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Example campaigning scenarios

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Examples to illustrate how CC9 campaigning rules work in practice

Understanding how CC9 relates to your campaign can be difficult. From moderating social media comments to taking a photo with an MP, CC9 guidance will affect many aspects of your campaign journey. You must refer to the CC9 guidelines from the planning stage of your campaign and ensure your proposed tactics and messaging do not fall foul of the rules. As your campaign evolves and develops, you should consider CC9 alongside any change in direction.

Political activity: engaging with parliamentarians

Inviting MPs to your events

Your organisation has arranged for your local MP to attend your centenary celebration. Your local newspaper is covering the event and a photographer is taking photos for the website. Is this appropriate?

Yes. MPs are entitled to support and speak up for causes they care about. 

Lead up to elections: what are the rules?

There are two months left before the general election and your charity is planning a local hustings on issues facing your local community. What should you be mindful of?

It’s good practice to engage with all prospective parliamentary candidates and invite them to your hustings to make it clear that your organisation is neutral. Your hustings must cover a topic that relates to your charitable objectives. You must also be mindful of elections and referendums guidance and the Lobbying Act. See our guide on how to engage parliamentary candidates.

It is three months before a general election. A prospective parliamentary candidate, standing for election in your constituency, writes an article in support of your organisation’s work and manifesto. She has now included your recommendations in her campaign materials and puts your charity logo on the website. What action should you take?

Contact the candidate and ask for the logo to be removed immediately. Your charity must be perceived as politically neutral. However, it is legal to campaign on an issue that is included in a political party’s manifesto.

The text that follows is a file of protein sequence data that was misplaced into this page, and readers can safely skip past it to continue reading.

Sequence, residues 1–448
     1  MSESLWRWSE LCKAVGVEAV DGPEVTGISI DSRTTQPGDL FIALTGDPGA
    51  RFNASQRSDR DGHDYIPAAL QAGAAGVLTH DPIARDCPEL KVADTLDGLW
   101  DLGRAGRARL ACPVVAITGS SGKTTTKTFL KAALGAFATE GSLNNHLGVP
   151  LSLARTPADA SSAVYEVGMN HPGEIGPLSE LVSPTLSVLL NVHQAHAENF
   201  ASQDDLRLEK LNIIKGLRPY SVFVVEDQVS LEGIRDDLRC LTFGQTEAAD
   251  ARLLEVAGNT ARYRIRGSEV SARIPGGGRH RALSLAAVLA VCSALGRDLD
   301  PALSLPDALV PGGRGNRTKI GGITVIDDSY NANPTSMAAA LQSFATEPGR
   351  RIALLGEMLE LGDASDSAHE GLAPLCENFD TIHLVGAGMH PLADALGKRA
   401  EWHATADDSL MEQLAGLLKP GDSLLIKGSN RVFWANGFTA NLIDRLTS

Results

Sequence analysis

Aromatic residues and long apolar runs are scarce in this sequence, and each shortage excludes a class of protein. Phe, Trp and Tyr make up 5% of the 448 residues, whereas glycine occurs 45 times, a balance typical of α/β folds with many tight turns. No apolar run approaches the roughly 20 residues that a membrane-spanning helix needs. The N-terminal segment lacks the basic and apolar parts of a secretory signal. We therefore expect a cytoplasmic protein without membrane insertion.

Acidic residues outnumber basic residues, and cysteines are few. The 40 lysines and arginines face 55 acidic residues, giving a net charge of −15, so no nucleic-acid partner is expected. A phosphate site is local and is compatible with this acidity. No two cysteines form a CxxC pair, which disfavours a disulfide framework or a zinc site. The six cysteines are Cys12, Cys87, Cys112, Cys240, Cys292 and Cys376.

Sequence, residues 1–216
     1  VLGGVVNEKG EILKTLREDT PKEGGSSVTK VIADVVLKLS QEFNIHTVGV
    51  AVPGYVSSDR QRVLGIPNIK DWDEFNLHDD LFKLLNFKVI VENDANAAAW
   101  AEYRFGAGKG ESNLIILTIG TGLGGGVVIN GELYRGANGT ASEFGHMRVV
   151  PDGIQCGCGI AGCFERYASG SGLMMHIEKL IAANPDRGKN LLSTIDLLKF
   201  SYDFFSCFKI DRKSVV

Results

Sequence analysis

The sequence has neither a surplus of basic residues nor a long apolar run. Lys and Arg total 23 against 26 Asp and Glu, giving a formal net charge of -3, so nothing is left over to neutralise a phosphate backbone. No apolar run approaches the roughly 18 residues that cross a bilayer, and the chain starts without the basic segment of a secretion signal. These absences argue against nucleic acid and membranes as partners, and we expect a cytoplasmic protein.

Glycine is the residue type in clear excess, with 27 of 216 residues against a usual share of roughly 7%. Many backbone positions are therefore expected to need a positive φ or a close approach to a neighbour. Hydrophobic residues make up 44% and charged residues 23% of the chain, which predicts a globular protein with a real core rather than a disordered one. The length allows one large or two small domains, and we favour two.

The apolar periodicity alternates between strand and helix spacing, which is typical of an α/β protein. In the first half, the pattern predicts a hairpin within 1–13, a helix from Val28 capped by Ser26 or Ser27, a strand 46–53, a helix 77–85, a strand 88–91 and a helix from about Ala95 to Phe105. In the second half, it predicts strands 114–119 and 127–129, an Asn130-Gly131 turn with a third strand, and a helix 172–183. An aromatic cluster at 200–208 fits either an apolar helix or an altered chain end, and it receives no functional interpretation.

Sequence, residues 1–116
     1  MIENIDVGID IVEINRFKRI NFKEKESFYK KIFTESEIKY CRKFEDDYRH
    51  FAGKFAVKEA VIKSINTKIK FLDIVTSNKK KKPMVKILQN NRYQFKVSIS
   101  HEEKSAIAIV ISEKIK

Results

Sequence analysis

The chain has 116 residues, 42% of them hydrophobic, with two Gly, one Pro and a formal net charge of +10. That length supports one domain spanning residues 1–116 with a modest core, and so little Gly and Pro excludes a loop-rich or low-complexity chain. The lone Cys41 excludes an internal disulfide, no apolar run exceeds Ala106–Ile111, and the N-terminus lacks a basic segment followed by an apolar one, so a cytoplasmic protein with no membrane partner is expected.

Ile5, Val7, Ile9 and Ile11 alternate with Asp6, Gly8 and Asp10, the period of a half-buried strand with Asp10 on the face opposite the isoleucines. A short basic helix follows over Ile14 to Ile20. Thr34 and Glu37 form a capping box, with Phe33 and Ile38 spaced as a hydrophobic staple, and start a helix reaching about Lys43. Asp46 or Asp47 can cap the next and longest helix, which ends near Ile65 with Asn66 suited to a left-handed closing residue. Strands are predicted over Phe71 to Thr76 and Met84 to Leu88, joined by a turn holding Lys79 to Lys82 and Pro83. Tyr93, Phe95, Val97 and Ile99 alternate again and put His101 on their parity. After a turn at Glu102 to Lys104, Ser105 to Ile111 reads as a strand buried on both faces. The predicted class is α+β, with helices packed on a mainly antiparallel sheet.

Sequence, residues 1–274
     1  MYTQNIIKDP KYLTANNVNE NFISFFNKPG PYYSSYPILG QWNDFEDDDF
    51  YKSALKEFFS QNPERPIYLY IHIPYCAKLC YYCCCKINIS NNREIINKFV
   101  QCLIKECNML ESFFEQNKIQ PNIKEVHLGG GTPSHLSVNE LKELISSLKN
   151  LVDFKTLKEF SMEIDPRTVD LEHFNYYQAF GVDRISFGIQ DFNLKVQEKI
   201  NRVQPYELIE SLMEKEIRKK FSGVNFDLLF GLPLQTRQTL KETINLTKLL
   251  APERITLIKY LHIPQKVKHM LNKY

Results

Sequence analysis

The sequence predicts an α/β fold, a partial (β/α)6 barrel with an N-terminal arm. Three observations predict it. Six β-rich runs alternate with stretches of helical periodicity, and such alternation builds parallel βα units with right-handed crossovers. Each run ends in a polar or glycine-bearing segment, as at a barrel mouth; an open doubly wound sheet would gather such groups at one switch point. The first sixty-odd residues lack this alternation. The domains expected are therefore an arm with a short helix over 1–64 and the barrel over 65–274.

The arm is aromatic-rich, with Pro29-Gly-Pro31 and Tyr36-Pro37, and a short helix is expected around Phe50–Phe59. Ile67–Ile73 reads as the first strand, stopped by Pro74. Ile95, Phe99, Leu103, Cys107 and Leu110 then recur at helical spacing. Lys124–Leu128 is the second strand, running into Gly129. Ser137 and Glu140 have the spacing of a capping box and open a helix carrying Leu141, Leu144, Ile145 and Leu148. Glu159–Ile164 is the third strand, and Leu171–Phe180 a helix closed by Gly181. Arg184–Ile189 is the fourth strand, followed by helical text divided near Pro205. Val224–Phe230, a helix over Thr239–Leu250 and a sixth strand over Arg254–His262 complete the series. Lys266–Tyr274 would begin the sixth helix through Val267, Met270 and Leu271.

MPs and trusteeship

Your organisation is looking for a new trustee. The local MP has put herself forward as she has a background in disability rights. Is it appropriate to accept the offer?

Yes – MPs are allowed to speak up for charities and many are trustees. However, they must be mindful not use the charity as a means to advance their political ambitions. Charities must be able to demonstrate that they are independent to maintain public trust and confidence in the sector.

Staying neutral online

Twitter: personal bio

A member of staff has this Twitter bio: ‘Daniel, Fundraising Officer @VolunteerNow! Member of @Conservatives, Lover of all things bicycle and dogs.’ Is this legal?

No. The Twitter profile is personal, but linked to the charity. This would compromise the political neutrality of VolunteerNow!, which is not lawful under CC9 or the Lobbying Act during the regulated period.

Your bio on your personal Twitter states – ‘all views are my own, retweets are not endorsements’. Can you tweet/retweet party political messages?

If your Twitter does not state where you work then this is acceptable. If your bio states which charity you work for, then this is not acceptable – even with a disclaimer.

Facebook: monitoring interactions

Your charity has a Facebook page and you have shared an image outlining how the policies of the major political parties will impact your beneficiaries. A supporter has commented: 'the Tories and Labour haven’t done enough. We need an alternative NOW.' What should you do?

Delete the comment as soon as you notice it. Political statements, even by your supporters, cannot be associated with your charity. 

Page last edited Jan 26, 2018

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